Unsung heroes of Limbe Leaf factory operations
Inside the Limbe Leaf processing factory is a harmony of clanking machinery, the wailing of grinders and breathing of heavy equipment, 24 hours a day.
The huge machines would inspire awe to a stranger who would be wondering how they operate and who it is that has the skill to make them run and run smoothly.
Yet behind it all are hands that would be easily ignored, hands small but still huge enough to make the towering machines run in obedience.
These unsung heroes are found in critical sections of the giant tobacco company. They are playing a huge role in making such a big player in the tobacco industry in Malawi.
Motor rewinding shop
The department is responsible for rewinding motors. In here, they can rewind motors as big as 150 horse power reducing all the way down to a fraction of a horse power.
Interestingly, the in-charge of this department is a woman.
Esther Chikusa, the Instrumentation and Motor Rewinding Supervisor, does not subscribe to the school of thought that such work is a man’s territory.
She joined Limbe Leaf in 2003 and started on the work floor just like anybody else but management noticed her abilities and skills and three years later she was handed the motor rewinding supervisory role.
“We receive motors from the factory that are faulty and some may need rewinding while others may just need service like replacing bearings. This is what I and my team here do and we make sure that we do it to the best of our abilities,” explains Chikusa.
“On average we rewind between five and 10 motors per day but that depends on the sizes of the motors. When they are big like these ones (150 horse power), it may take some days, sometimes even two weeks as it needs to be stripped and cleaned. But for most of motors, we do them in a day,” says Chikusa.
Chikusa hails her team for the support they give her as a supervisor.
“We work as a team of professionals. They respect me not because I am a woman but because I am a professional. I know my job and I have worked hard to attain this position,” explains Chikusa.
Motor rewinding is cost efficient as it saves the company huge sums of money. The company used to outsource this service but with the skills acquired over the years, rewinding is now done internally.
This is another area which serves not only the plant but other areas of the factory including staff houses.
As Fred Kaliati, Fabrication Supervisor explains, they produce all sorts of materials which include bends for air ducts, metal chairs for pickers, ducts to suck and transport dust from the processing plant and many other items.
“We regard safety as a priority when we are working because our work can be risky. We use scrap metal to fabricate most of the items such as bends for air ducts,” says Kaliati who joined Limbe Leaf in 1997 and looks after 10 fabricators.
“We do fabrication works for the whole company but our main focus is that the plant should be running all the time,” explains Kaliati.
This is another important department as it is responsible for making most of the parts for the machines in the factory.
Clement Nkosi is supervisor of the machine shop and he joined Limbe Leaf in 1998.
He says although there are only three people in their department, they work hard to meet and surpass their targets. To guarantee smooth running of the plant, they ensure that there is always stock of frequently required parts
Some of the parts that are made and fixed in the machine shop include eccentric shafts, velcro rollers, trunions, rollers for conveyors, shafts for durab machine, shafts for quality control, shafts for Godioli machine, bushes for Godioli machine, pulleys and sprockets, just to mention but a few.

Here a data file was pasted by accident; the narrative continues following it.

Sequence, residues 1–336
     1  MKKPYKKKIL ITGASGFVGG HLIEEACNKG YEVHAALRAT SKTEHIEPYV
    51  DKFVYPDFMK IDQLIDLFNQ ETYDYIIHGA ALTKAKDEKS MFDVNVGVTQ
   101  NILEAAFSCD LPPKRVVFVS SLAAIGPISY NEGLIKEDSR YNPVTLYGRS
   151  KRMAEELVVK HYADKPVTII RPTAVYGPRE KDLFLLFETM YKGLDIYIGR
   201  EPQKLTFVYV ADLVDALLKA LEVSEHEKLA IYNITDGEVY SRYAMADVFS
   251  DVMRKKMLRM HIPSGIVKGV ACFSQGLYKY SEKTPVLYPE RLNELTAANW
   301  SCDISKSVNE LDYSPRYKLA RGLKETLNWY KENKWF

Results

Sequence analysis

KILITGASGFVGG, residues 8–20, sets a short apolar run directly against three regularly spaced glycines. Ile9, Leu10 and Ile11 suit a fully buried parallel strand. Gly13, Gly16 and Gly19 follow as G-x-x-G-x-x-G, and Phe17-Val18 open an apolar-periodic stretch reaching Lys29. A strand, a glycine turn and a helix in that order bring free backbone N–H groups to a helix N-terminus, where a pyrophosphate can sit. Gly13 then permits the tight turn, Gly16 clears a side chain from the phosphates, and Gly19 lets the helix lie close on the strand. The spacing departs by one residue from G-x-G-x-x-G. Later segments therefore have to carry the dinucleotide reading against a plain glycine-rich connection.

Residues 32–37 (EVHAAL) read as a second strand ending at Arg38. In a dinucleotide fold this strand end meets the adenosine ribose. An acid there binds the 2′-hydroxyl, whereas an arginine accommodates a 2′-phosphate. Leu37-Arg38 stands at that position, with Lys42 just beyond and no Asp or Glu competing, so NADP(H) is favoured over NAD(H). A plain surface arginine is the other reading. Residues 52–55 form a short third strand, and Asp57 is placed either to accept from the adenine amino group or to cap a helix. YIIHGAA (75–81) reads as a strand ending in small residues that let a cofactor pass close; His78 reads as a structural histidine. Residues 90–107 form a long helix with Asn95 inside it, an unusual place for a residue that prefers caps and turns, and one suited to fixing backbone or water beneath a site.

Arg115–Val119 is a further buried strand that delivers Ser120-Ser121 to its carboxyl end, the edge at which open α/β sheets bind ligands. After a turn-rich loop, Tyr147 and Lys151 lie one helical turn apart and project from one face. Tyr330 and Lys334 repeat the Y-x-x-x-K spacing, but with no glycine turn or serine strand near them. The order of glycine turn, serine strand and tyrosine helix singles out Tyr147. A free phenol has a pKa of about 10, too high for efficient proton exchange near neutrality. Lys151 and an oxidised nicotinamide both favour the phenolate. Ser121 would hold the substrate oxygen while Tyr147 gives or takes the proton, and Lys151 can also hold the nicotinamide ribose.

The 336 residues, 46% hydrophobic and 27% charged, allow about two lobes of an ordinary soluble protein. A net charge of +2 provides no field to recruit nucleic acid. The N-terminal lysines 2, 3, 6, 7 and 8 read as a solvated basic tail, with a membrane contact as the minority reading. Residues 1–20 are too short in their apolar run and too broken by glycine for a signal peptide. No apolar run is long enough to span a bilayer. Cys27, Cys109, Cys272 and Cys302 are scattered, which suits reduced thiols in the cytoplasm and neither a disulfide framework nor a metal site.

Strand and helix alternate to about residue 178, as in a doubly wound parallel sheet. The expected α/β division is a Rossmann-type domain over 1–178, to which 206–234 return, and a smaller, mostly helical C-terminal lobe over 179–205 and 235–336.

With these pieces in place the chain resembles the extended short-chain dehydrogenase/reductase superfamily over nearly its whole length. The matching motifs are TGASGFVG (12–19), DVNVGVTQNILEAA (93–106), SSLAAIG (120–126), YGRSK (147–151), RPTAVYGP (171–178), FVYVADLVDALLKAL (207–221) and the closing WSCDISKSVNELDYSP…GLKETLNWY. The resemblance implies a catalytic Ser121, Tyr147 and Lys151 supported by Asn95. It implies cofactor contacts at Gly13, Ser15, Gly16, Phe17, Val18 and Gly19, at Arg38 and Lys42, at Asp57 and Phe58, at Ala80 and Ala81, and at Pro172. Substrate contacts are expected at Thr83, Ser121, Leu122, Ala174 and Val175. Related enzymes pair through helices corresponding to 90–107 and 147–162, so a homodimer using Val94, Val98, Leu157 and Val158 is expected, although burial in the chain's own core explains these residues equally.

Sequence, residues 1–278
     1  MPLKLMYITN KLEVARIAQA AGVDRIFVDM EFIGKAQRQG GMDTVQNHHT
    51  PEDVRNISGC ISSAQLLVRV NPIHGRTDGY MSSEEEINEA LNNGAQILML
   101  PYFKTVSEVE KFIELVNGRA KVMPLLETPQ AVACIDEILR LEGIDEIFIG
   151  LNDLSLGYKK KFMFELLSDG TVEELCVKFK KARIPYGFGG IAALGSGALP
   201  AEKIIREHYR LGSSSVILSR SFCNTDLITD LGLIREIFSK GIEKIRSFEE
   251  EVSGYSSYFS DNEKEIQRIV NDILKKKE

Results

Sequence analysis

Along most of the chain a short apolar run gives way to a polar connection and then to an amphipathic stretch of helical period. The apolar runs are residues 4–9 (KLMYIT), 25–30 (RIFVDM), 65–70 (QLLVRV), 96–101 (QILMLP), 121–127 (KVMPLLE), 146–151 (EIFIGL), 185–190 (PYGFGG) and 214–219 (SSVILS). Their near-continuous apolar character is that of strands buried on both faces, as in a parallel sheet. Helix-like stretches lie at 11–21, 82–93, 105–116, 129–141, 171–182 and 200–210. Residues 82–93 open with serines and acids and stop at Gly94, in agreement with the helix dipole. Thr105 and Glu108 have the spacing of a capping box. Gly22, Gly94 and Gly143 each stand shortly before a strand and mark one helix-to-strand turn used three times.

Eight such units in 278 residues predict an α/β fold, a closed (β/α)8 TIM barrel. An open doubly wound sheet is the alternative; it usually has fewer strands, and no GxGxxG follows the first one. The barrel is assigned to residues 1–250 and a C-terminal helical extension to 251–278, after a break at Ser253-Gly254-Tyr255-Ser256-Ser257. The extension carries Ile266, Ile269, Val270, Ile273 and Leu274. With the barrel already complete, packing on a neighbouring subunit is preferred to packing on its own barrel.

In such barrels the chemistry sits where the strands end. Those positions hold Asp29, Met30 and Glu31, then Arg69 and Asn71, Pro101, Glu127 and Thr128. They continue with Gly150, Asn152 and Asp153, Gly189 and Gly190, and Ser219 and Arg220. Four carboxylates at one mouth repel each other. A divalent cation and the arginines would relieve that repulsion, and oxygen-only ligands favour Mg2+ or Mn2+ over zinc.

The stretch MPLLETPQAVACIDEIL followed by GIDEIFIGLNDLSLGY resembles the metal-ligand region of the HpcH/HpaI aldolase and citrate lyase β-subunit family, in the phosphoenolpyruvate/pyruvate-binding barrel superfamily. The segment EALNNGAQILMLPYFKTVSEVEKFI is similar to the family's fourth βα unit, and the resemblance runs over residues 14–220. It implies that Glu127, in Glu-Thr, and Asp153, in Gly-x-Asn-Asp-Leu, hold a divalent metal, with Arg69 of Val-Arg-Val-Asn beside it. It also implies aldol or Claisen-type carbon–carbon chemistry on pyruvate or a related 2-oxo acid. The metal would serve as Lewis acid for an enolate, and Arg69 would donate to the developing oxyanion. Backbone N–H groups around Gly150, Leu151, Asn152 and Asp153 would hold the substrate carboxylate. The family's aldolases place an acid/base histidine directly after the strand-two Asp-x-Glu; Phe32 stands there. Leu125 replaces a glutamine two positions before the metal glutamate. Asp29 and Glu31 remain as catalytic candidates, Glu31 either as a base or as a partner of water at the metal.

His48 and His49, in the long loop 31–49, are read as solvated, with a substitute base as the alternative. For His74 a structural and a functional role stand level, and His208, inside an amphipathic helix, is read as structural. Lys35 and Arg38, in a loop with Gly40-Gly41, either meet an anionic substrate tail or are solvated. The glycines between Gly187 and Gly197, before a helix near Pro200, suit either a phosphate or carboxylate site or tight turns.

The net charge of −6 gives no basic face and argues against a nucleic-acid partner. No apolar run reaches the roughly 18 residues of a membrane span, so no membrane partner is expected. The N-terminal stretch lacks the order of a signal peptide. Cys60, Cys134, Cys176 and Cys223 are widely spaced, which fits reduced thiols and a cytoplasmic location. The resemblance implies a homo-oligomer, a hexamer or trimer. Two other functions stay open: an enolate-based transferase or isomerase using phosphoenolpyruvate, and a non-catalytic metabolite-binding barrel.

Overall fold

The carpentry workshop is one of the departments that maintains infrastructure at the factory premises as well as company houses. They make sure that doors, frames and all wooden structures are maintained and are in good order.
They cut timber of any size and provide planks, frames and doors for the factory and staff houses.
There are five people in this department under the supervision of Shepert Longwe and assisted by Eliam Mhone.
Longwe says they are a happy team and always feel appreciated when their work is commended.
“We feel very good and happy because we are assessed on performance and we need to meet required standards. If there is no query on the work that we do, we are happy because we know we are delivering,” explains Longwe.
Longwe joined Limbe Leaf on 1st December 1995 while Mhone joined in January 1998.
This is the engine room of the plant. It generates steam from coal and supply to the plant for mainly two reasons: to soften tobacco leaves before entering the machines and to dry the tobacco leaves after leaving the machines. Tobacco leaf has to be at various required moisture levels during processing.
George Phakaphaka, Supervisor of the Boiler House, explains that they have to be on top of the game all the time to supply steam which runs the machines.
“We have three boilers and they are all running at the same time because we have three processing lines in the factory. All boilers feed into the steam header and goes to the factory in one line. We use coal to run the boilers,” explains Phakaphaka.
He says they supply steam to the factory depending on how much the factory is demanding but said the normal production capacity is 960kpa.
“If all is well in the factory we feel good because if we have a problem here it will affect the factory and it is our wish that we should have steam all the time for people to work in the factory.
“This is the engine of the factory, if there is no steam, there will be no production and that is why we have to be on top of our game all the time,” adds Phakaphaka who supervises five boiler stalkers and one operator per two 12 hour shifts.
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